Friday, April 6, 2012
Riding with AD(H)D
Angelic and very average.
Suddenly the battles of everyday life seem faint.
The love I feel goes back to being unconditional.
Today AD(H)D had been taunting its ugly form: obnoxious behaviour, poor self control, maximum self endangering, to name a few. Surely any child would misbehave, unable to control himself and endanger himself once in a while. But those of you who are familiar with the condition know exactly what I’m talking about. And those of you who don’t better read on. I hope by the end of this post, you’d be a little more insightful. And less ignorant or critical.
Among the most troublesome aspects of AD(H)D is impulsiveness. Maddening impulsiveness.
Bicycle riding was one of those.
For my 4 y.o. boy, bicycle riding –with small training wheels- consisted of an array of requirements: a short sleeved T-shirt, a pair of trousers, sunglasses and a police’s hat (now this is another story on obsession). Thankfully -I think- he didn’t like to wear his police hat anymore now, because he got so annoyed by people calling him: “Mr. Policeman!” or stranger’s remarks such as: “Yes, Sir!” and saluting.
At the top of his fondness of bicycle riding, it would be the first thing that crossed his mind, before he opened his eyes in the morning or after napping. He’d mumble something that sounded like “..cycle..” a few seconds before waking up.
Of course, bicycle riding is a very good exercise for any child, especially for my boy. It is even encouraged by his therapists. It trains his muscles & balance, gives him proprioceptive stimulations and visual-spatial sensory inputs, etc. Most importantly, it consumes some of his excessive energy, thus alleviating his hyperactive tendency.
But unfortunately, in our case, bicycle riding had its own tolls. When Darren was deeply immersed in pedaling his bike and speeding, he became unaware of his surroundings. All he saw was the one thing he was focusing on: the road ahead (and nothing from other directions); or a bump on the road that he was aiming to ride over (and not the toddler standing nearby); or speeding while looking back over his shoulders to see if his friend was close enough to catch up with him, and completely unaware of that motorcycle going his way just few meters away!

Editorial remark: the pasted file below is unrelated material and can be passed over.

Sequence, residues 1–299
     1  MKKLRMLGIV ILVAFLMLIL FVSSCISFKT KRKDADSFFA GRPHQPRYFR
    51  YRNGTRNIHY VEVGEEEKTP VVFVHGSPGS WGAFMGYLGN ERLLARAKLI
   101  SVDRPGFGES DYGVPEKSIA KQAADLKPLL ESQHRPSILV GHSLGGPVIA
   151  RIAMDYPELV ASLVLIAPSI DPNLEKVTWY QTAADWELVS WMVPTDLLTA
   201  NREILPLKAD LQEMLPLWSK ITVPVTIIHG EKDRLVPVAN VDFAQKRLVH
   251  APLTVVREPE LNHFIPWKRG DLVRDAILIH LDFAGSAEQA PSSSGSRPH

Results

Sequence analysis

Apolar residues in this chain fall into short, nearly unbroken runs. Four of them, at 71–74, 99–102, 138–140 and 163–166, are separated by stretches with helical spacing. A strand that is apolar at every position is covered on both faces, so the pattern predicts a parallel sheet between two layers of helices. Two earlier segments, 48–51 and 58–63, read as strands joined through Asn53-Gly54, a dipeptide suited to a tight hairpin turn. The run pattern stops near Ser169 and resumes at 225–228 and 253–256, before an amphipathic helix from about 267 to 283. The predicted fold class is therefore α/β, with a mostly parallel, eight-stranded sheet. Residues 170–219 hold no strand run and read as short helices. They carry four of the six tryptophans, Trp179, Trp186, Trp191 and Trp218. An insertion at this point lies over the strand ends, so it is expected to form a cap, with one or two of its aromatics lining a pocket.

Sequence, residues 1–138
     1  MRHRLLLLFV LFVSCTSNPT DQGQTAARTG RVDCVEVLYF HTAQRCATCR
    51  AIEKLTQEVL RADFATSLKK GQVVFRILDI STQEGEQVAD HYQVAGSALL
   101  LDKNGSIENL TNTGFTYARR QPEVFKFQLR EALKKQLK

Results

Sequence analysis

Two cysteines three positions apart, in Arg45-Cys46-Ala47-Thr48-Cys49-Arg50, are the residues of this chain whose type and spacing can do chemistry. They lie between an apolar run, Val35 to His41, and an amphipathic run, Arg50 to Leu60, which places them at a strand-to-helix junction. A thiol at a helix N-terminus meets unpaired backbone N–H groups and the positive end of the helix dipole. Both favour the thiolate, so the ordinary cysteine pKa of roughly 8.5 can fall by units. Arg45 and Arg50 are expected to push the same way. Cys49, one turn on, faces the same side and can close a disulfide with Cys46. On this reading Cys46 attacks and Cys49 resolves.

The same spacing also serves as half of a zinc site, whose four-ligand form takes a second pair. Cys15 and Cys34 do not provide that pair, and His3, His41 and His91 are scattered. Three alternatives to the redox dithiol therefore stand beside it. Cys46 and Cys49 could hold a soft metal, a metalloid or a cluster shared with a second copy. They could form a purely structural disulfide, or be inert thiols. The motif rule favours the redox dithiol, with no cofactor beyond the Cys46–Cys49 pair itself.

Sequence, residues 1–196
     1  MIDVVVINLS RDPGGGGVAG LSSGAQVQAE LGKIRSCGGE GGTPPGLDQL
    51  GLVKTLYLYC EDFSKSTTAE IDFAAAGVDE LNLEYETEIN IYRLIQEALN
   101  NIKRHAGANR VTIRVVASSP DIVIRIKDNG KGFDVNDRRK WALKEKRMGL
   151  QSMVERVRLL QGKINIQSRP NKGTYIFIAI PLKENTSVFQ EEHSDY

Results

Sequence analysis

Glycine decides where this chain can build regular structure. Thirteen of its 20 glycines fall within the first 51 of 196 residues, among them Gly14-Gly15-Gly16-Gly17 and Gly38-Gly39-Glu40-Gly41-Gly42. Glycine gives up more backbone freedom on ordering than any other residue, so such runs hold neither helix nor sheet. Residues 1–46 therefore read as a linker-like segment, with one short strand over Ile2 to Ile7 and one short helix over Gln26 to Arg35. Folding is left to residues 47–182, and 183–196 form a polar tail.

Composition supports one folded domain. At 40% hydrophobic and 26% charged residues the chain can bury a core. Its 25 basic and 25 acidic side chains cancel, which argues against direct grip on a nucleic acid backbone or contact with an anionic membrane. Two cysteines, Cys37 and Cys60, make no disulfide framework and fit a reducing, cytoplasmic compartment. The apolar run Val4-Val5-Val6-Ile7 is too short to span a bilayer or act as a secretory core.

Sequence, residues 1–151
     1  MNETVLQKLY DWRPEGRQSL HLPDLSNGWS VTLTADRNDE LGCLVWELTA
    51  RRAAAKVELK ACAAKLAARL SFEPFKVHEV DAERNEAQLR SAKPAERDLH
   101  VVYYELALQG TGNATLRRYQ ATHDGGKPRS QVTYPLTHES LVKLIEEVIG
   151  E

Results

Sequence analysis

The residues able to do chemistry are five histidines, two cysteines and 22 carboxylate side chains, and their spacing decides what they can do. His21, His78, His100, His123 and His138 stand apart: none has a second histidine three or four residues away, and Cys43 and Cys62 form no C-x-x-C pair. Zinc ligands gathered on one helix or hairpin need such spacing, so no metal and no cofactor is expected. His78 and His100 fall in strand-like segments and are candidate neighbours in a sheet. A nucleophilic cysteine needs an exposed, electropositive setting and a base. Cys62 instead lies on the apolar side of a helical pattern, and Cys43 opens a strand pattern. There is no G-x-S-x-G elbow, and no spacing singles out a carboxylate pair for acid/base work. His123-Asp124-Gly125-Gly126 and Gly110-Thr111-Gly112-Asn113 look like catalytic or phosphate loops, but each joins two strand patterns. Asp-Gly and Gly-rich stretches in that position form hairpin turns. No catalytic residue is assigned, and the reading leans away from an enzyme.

You see, Darren is a major copycat who LOVES to immitate whatever scene he finds amusing. At one time, when he wanted to immitate what his friend did, as usual. Now this friend of his was a very skillful 5 y.o. who rode a bicycle without training wheels, speeded as fast as the wind and was very good at estimating space and timing. At one point, this friend crossed the road at a not-quite-so-safe-a-distance in front of a passing car (what an idea!!). From where I stood, about 30 meters away, I saw Darren saw what he had done, and I had a really bad feeling about it. I can still feel my heart throbbing out of rhythm. Who was I kidding? Of course, being Darren, he would find that movement ultimately inspiring and he immitated it right away. It didn’t occur to him that the car would have been so much nearer by the time he crossed the road.
So he did. Rode his bike across the road, in front of that threatening car. I saw the car’s brake lights lit. Glorious, bright red colour. No tires skreeching of course, after all the road was small, just enough for 2 cars going the opposite directions to pass through at the same time. The car was going slowly, slow enough to hit its brakes just in time. Darren made it across the road, safely and soundly. With mommy’s life span a few years shorter.
Mommy’s wrath and songs of fury and consequence immediately ensued.
But it wasn’t the only time such event happened. There were some very similar events afterwards. With fists clenched to prevent from pulling out my hair out of sheer desperation, I kept giving the same consequence: much (WAY MUCH) narrower range of riding zone allowed until I deemed his riding acceptable (usually just 1-2 days, depending on his appetite on danger-testing).
Such event hasn’t been happening in the past couple of weeks. It might be because of his new understanding. Or it might be the rainy days that prevented him to ride thus reducing his chance to do this trick. I really don’t have a clue.
And that’s just about bicycle riding.
So here I am.
Watching him sleep.
Silently hoping that he would find ways to manage his differences and keep himself safe.
Whispering a little prayer, that none of these challenges nor any parental shortcomings would scar him or make him feel less, because (quoting Temple Grandin):
DIFFERENT IS NOT LESS.